In her final undergraduate year, Price’s next project—this time as a research assistant for the University of Iowa Public Policy Center—focused on teen drivers and the geographical locations of accidents and incidents. “And then driving just took off,” says Price. “I didn’t think that would be of interest to me but it was just this kind of serendipitous relationship that I had with medicine and injury and driving that just kind of fused together at this point.”
After graduating with a bachelor’s degree in biomedical engineering, Price travelled to Romania through the MHIRT Scholars program. There she researched pedestrian crashes and the factors leading up to them. She also learned how very different life is outside the United States.
“Looking at it from a research standpoint and understanding that how we function is not how the world functions hit me really hard,” says Price. “Because there, the road infrastructure, behavior of drivers, behavior of pedestrians is not the same and will never be the same as the United States. And I was thinking that I do research here and that may have impact here—but globally, what does that look like?”
After her summer abroad, Price returned to the United States and the University of Iowa, this time as a master’s student in epidemiology. She also returned to her work as a research assistant for both Peek-Asa and McGehee.
Through her work with McGehee, Price gained not only guidance in her research but also numerous opportunities to advance her work, including the ability to work at the SAFER Vehicle and Traffic Safety Centre at Chalmers University in Goteberg, Sweden. The Centre is a collaboration with 32 partners (including Volvo) from academia, industry and public organizations focused on enhancing vehicle and traffic safety.
After finishing her summer in Sweden, Price returned to her work at the centers and then graduated from the University of Iowa with a master’s degree in injury epidemiology. While Price completed both her bachelor’s and master’s degrees at the University of Iowa, she had one big reason to want to switch to the University of Wisconsin-Madison for her PhD program.
That was John Lee.
“When I decided to pursue a PhD, he was obviously the first option in my mind,” says Price.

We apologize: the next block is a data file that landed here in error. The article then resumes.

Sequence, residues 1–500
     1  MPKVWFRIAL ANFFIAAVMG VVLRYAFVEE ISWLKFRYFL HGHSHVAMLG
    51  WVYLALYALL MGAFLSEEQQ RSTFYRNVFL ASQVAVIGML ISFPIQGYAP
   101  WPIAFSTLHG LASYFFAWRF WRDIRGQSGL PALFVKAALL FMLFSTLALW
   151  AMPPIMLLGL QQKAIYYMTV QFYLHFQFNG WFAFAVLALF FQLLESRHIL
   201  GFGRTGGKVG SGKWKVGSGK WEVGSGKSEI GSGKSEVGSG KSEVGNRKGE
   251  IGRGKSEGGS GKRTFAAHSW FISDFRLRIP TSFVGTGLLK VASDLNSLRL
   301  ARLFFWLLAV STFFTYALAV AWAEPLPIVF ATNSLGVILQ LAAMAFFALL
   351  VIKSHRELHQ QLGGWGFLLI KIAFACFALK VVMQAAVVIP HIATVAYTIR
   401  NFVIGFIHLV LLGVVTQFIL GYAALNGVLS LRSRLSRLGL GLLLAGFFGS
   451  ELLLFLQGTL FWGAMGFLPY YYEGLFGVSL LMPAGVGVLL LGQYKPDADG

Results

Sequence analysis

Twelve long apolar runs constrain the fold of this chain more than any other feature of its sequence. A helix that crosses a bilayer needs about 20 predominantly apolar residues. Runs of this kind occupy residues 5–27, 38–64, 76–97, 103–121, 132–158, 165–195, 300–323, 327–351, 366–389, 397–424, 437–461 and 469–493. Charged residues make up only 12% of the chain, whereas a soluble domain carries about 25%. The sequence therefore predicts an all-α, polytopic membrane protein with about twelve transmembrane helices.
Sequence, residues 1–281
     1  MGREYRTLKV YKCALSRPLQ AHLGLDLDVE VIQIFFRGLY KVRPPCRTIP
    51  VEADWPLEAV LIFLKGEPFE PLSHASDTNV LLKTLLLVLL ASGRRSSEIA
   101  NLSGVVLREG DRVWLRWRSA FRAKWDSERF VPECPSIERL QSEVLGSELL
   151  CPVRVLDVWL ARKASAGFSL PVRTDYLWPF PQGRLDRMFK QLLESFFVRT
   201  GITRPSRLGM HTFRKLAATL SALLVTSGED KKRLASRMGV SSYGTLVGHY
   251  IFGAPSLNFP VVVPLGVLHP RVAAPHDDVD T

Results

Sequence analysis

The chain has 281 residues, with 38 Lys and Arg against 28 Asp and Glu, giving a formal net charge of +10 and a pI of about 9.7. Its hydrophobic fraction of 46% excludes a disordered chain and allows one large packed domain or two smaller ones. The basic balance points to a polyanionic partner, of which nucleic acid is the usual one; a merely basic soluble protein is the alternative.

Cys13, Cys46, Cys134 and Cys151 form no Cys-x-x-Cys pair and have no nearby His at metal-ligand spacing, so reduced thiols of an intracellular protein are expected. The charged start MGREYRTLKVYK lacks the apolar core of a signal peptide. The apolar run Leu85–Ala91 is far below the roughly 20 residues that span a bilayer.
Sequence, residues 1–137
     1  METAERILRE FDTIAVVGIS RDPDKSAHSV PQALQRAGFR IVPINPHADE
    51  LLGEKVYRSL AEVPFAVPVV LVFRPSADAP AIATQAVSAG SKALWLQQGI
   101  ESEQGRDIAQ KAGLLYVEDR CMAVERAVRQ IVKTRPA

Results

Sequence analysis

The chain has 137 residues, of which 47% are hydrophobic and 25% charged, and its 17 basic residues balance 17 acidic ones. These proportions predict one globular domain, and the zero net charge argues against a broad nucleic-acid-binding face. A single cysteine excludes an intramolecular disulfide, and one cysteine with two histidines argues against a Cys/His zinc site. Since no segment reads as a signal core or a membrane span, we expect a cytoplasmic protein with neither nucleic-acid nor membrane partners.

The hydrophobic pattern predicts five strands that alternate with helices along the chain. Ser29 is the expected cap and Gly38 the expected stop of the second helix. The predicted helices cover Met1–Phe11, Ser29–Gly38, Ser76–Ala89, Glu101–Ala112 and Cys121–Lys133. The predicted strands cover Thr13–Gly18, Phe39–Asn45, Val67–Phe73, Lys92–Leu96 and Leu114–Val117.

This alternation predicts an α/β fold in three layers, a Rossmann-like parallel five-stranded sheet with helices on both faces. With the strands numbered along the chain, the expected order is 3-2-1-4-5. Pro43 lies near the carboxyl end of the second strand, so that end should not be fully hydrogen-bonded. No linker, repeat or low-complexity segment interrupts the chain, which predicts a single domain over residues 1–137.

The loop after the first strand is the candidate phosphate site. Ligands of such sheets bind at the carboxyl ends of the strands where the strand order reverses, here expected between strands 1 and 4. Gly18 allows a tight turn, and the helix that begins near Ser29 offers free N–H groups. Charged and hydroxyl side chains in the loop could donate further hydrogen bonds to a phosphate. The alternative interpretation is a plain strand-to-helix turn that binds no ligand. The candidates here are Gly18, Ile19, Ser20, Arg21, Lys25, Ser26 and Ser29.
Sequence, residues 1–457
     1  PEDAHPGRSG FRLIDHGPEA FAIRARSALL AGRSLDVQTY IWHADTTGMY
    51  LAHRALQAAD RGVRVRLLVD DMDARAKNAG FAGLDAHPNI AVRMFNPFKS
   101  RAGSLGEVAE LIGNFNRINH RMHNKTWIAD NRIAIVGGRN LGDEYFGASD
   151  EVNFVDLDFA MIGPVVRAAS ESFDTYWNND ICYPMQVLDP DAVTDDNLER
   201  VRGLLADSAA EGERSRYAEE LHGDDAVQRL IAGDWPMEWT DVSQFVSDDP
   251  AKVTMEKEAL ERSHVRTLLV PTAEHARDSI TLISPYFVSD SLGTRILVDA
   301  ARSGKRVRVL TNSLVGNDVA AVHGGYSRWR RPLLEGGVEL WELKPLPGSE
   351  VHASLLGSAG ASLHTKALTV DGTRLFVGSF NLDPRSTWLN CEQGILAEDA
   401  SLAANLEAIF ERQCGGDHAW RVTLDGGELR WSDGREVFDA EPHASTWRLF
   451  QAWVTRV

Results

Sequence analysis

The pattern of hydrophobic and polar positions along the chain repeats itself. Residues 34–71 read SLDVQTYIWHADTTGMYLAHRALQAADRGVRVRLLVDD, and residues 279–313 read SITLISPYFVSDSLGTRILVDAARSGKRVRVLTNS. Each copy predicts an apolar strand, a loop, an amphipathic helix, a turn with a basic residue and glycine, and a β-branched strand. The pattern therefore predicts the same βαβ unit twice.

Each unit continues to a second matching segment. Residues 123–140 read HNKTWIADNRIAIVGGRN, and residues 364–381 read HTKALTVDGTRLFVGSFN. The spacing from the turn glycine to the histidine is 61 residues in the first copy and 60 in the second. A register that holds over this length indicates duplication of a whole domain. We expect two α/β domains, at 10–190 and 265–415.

And Lee had already heard about Morgan Price and was eager to meet her. Shortly after, Lee invited her to join his lab, and from there, there was no looking back.
Currently, Price works in the Cognitive Systems Lab with Lee, where she is researching how vehicles convey their capability; in other words, how does a car tell the driver when it can and cannot handle a situation? Typically, this is through warning lights and sounds. Drivers can disengage or ignore those warnings, which can be extremely dangerous. Price, however, is looking at using the car’s steering algorithm to convey capability.
“When the car is going straight, it says I can handle this, and then when it comes up on some limitation, it starts bouncing off the lane edges and telling you, ‘I don’t think I can deal with this situation,’” says Price.
Price hopes to expand that communication between car and driver to outside the vehicle via social interactions. For example, most drivers have stopped for a pedestrian to cross the street. However, that can oftentimes be an unspoken communication through a gesture or other signal. What Price is researching is how to incorporate that form of communication into a self-driving vehicle.
Price expects to earn her doctorate by 2019 and fulfill that childhood dream of “Dr. Morgan Price.” Her plans after that are still uncertain. However, she knows whatever she does needs to have an impact for future women engineers, and specifically for women of color.
“I’ve always felt like there was a greater purpose to my life than just getting a job and I think that that could be my purpose. Going the academic route, and trying to not necessarily break barriers, but just shake things up a bit,” says Price. “It doesn’t always have to work like this and we can introduce different ideas.”
Author: Katie Leung